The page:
Our ultimate desire is to protect children in Kentucky, not harm them or prevent them from receiving treatment they desperately need. The wreck and ruin I have witnessed firsthand in the lives of countless children of drug addicted parents has the common denominator of individuals who started their drug experimentation with marijuana. Potentially multiplying that pain by making marijuana even more easily accessible is, for me, a grave risk we must work hard to avoid even as we try to determine if marijuana can be used for good rather than evil.

Until hard evidence proves that marijuana is a safe and effective treatment option, I implore Kentucky Baptists and Southern Baptists to fight against legalization. Why? For the kids.

By / Nov 7

Marijuana supporters continue to succeed with their plan to legalize this dangerous drug across the country. Their strategy is now quite obvious. They begin by playing on the public’s compassion with medical marijuana, and then follow up with their true agenda: the widespread legalization of recreational marijuana.

A quick look at the 2014 vote results reveals this strategy very clearly. Oregon and Alaska, which both legalized recreational marijuana on Tuesday, have had legal medical marijuana since 1998. The medical marijuana efforts passed in those states because voters were told it would help relieve peoples’ suffering. Fast forward to 2014, and they now have legal recreational marijuana.

Once a state legalizes medical marijuana, proponents know it’s just a matter of time until they can advance their real agenda. Apparently, it takes about 15 years to desensitize the public enough to the dangers of marijuana to achieve the next step toward full legalization. The other two states to legalize the recreational use of marijuana followed the same trajectory as Oregon and Alaska. Colorado legalized medical marijuana in 1998 and Washington State did so in 2000. Then, in 2012, the two states legalized marijuana for recreational use.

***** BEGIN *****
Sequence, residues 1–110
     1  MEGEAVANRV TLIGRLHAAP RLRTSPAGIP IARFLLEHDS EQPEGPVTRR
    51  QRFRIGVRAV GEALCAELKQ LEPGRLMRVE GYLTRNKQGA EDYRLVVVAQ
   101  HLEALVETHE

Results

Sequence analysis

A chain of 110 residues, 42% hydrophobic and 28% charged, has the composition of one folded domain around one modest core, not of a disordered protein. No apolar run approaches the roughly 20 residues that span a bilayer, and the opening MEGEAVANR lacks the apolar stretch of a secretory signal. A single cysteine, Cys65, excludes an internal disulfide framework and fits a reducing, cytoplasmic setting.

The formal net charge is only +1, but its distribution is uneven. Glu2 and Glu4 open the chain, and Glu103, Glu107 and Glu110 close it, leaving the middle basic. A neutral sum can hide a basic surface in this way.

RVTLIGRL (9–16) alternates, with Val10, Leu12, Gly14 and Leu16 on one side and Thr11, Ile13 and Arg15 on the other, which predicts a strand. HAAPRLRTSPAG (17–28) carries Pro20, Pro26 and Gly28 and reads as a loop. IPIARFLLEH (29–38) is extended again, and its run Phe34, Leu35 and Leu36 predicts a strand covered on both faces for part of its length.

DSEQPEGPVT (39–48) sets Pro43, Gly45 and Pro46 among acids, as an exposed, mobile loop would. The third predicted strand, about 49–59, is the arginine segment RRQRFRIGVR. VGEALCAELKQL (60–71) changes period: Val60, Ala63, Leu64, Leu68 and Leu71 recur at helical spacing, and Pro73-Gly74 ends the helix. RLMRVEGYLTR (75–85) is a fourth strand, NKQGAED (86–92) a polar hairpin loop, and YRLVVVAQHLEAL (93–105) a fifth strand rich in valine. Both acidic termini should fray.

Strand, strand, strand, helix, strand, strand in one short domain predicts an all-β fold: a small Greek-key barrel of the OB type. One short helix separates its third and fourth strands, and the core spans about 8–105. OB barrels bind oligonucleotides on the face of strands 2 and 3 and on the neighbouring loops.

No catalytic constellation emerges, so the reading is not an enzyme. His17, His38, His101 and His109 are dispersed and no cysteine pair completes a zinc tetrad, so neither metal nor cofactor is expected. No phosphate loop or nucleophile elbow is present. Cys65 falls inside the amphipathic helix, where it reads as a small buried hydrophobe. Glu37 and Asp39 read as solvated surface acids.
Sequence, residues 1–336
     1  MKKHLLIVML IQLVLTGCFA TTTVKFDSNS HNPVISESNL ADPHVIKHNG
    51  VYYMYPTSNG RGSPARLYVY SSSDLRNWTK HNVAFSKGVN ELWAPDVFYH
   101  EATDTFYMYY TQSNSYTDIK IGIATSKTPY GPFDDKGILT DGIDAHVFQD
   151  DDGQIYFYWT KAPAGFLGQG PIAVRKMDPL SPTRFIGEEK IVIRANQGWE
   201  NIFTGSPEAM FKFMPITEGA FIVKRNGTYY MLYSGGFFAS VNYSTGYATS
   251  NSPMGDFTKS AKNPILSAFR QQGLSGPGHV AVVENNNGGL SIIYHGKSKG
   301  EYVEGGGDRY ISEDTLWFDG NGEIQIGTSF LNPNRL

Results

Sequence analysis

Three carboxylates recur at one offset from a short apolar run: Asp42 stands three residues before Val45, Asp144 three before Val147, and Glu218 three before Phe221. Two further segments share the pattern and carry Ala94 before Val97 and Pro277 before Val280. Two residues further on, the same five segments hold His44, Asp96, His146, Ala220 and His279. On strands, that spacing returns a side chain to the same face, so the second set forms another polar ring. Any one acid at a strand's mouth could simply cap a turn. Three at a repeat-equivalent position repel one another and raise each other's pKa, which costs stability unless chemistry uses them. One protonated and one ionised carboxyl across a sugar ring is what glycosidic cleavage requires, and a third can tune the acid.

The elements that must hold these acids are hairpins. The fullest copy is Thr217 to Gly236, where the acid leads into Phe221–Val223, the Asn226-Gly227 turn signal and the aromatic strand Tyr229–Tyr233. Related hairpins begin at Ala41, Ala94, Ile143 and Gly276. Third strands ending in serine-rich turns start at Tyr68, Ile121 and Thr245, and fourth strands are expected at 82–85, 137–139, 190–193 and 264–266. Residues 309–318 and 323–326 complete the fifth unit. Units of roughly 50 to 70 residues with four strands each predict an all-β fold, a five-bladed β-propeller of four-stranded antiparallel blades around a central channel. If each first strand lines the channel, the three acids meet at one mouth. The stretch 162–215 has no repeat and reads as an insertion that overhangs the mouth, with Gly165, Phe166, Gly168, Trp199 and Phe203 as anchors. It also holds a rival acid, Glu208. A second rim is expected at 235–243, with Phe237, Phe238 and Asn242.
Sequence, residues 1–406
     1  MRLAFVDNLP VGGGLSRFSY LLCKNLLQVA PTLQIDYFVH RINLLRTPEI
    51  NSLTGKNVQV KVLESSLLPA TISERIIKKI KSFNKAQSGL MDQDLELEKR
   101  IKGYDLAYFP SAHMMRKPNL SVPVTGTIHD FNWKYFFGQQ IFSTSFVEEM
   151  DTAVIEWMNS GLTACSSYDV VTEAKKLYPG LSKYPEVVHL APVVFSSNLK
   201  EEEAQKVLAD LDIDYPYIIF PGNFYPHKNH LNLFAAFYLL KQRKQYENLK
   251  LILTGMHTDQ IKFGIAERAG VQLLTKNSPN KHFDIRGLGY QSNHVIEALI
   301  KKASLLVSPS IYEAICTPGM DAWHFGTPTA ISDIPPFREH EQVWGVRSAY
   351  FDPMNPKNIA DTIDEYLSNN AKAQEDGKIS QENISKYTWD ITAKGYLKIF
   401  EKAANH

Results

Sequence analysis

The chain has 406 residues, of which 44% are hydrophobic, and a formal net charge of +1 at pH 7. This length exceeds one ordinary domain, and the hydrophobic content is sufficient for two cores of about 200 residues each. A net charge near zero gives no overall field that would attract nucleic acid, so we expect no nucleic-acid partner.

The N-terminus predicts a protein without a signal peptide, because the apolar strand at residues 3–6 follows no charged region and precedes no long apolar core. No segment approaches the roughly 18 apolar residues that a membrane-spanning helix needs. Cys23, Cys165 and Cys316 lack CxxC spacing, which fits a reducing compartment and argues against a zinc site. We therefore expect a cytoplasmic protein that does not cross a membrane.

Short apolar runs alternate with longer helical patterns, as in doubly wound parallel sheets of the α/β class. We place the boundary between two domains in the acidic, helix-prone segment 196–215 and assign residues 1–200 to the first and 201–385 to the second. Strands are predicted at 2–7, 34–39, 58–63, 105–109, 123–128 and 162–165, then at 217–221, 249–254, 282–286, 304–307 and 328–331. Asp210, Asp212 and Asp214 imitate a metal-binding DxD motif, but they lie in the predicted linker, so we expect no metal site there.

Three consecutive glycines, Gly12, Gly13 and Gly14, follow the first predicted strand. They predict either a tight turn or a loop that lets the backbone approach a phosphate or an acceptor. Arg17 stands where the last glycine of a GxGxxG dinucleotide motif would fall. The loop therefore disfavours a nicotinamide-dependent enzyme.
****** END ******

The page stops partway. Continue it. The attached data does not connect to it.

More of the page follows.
The town of South Portland in Maine followed this path on Tuesday as well, voting to legalize recreational use of the drug. Maine legalized the medical use of marijuana in 1999. The District of Columbia, which also legalized recreational marijuana on Tuesday, is the outlier. The District legalized medical marijuana in 2010, but given the extreme liberal disposition of the majority of the District’s voters, the more rapid fall isn’t really surprising.

Tuesday’s marijuana votes proved medical marijuana’s status as the Trojan Horse of the marijuana legalization movement. No state has legalized recreational marijuana without first legalizing medical marijuana. The lesson for all the states is clear: if you legalize medical marijuana, it’s just a short matter of time before you will be contending with the likelihood of legal recreational marijuana. Florida’s voters saved themselves from this fate on Tuesday when they rejected an effort to legalize medical marijuana. Given the clear connection between legalization of medical and recreational marijuana, it’s safe to say that Florida has bought itself more time before it must deal with the question of legalized recreational marijuana.

With so much at stake, the church must respond. First, Christians must make sure they balance their compassion with discernment. While we want to do all we can to help people, we must see through what has become the obvious true goal of legalizers. Christians must not allow themselves to be used for an agenda that will result in thousands of destroyed lives. Marijuana is an addictive, mind-altering substance that is nearly impossible to use in moderate doses. It has been a gateway drug for millions of users. Making it more accessible will lead to more drug addiction and all the social costs associated with drug abuse.

Second, Christians must not allow themselves to be persuaded that marijuana is an acceptable medical remedy. Using marijuana exposes a person to multiple toxic compounds and serious personal negative repercussions. Marijuana puts the user at higher risk for cancer, psychosis, strokes, respiratory damage, and heart attacks. It interferes with work and relationships.